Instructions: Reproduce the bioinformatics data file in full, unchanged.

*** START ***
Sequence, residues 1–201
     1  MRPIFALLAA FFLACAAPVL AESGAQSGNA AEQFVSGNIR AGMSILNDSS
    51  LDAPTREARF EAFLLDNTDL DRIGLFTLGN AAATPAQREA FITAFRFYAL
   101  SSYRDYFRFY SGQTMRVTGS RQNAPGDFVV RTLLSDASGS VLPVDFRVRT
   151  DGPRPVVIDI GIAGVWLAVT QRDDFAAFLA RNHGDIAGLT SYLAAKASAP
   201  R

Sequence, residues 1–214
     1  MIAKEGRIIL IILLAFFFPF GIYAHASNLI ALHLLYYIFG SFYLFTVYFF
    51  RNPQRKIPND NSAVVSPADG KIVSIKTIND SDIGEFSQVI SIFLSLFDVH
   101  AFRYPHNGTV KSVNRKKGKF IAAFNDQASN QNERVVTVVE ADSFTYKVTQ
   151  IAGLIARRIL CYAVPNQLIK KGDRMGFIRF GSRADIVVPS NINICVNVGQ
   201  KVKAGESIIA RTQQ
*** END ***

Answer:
Sequence, residues 1–201
     1  MRPIFALLAA FFLACAAPVL AESGAQSGNA AEQFVSGNIR AGMSILNDSS
    51  LDAPTREARF EAFLLDNTDL DRIGLFTLGN AAATPAQREA FITAFRFYAL
   101  SSYRDYFRFY SGQTMRVTGS RQNAPGDFVV RTLLSDASGS VLPVDFRVRT
   151  DGPRPVVIDI GIAGVWLAVT QRDDFAAFLA RNHGDIAGLT SYLAAKASAP
   201  R

Sequence, residues 1–214
     1  MIAKEGRIIL IILLAFFFPF GIYAHASNLI ALHLLYYIFG SFYLFTVYFF
    51  RNPQRKIPND NSAVVSPADG KIVSIKTIND SDIGEFSQVI SIFLSLFDVH
   101  AFRYPHNGTV KSVNRKKGKF IAAFNDQASN QNERVVTVVE ADSFTYKVTQ
   151  IAGLIARRIL CYAVPNQLIK KGDRMGFIRF GSRADIVVPS NINICVNVGQ
   201  KVKAGESIIA RTQQ